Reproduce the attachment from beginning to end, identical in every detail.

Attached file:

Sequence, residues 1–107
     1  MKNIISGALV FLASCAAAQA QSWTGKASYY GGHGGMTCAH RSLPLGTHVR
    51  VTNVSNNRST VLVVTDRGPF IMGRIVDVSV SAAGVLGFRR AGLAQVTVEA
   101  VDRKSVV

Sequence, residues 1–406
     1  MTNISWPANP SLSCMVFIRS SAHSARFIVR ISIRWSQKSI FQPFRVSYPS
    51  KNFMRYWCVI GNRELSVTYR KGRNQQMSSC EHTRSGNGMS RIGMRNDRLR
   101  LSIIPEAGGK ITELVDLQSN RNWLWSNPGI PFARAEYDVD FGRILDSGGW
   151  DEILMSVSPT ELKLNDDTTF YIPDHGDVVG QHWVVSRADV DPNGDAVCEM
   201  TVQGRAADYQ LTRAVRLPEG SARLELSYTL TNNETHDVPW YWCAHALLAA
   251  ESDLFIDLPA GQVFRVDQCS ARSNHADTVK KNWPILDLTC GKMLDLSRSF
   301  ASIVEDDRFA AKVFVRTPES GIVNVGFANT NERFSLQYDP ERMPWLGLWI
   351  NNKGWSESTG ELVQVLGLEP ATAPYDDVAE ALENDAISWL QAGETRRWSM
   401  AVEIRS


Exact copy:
Sequence, residues 1–107
     1  MKNIISGALV FLASCAAAQA QSWTGKASYY GGHGGMTCAH RSLPLGTHVR
    51  VTNVSNNRST VLVVTDRGPF IMGRIVDVSV SAAGVLGFRR AGLAQVTVEA
   101  VDRKSVV

Sequence, residues 1–406
     1  MTNISWPANP SLSCMVFIRS SAHSARFIVR ISIRWSQKSI FQPFRVSYPS
    51  KNFMRYWCVI GNRELSVTYR KGRNQQMSSC EHTRSGNGMS RIGMRNDRLR
   101  LSIIPEAGGK ITELVDLQSN RNWLWSNPGI PFARAEYDVD FGRILDSGGW
   151  DEILMSVSPT ELKLNDDTTF YIPDHGDVVG QHWVVSRADV DPNGDAVCEM
   201  TVQGRAADYQ LTRAVRLPEG SARLELSYTL TNNETHDVPW YWCAHALLAA
   251  ESDLFIDLPA GQVFRVDQCS ARSNHADTVK KNWPILDLTC GKMLDLSRSF
   301  ASIVEDDRFA AKVFVRTPES GIVNVGFANT NERFSLQYDP ERMPWLGLWI
   351  NNKGWSESTG ELVQVLGLEP ATAPYDDVAE ALENDAISWL QAGETRRWSM
   401  AVEIRS